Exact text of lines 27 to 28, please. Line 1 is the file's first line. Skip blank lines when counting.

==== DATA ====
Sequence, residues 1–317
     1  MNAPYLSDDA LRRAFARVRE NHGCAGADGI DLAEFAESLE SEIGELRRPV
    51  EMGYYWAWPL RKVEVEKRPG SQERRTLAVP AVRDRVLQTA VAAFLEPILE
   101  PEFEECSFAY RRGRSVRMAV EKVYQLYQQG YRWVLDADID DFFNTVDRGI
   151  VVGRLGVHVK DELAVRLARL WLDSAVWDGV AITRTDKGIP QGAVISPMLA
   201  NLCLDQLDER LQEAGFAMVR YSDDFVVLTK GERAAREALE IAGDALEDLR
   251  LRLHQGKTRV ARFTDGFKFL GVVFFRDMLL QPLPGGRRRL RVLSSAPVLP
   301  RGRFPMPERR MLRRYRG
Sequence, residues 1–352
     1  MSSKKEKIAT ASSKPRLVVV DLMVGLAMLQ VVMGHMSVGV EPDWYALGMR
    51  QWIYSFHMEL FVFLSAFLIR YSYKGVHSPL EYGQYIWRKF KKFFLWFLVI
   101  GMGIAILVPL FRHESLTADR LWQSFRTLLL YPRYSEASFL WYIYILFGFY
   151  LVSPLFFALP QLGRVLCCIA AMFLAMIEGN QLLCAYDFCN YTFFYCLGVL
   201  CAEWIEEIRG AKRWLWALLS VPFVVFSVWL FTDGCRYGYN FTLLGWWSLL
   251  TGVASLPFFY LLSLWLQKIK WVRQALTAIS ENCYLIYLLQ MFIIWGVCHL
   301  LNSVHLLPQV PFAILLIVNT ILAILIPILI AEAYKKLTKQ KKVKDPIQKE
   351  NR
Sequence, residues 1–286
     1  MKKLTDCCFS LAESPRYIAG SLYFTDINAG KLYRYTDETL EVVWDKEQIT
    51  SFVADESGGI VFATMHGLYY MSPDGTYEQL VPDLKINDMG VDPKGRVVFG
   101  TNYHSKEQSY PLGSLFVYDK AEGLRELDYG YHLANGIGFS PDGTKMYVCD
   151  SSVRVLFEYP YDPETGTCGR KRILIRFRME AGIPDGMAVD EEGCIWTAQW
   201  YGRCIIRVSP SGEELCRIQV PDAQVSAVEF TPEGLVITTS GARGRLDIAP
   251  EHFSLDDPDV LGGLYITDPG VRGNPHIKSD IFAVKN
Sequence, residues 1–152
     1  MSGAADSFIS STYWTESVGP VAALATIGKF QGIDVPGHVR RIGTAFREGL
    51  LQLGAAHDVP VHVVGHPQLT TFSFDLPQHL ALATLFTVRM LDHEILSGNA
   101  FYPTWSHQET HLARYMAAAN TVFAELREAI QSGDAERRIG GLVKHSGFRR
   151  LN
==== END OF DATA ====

    51  LQLGAAHDVP VHVVGHPQLT TFSFDLPQHL ALATLFTVRM LDHEILSGNA
   101  FYPTWSHQET HLARYMAAAN TVFAELREAI QSGDAERRIG GLVKHSGFRR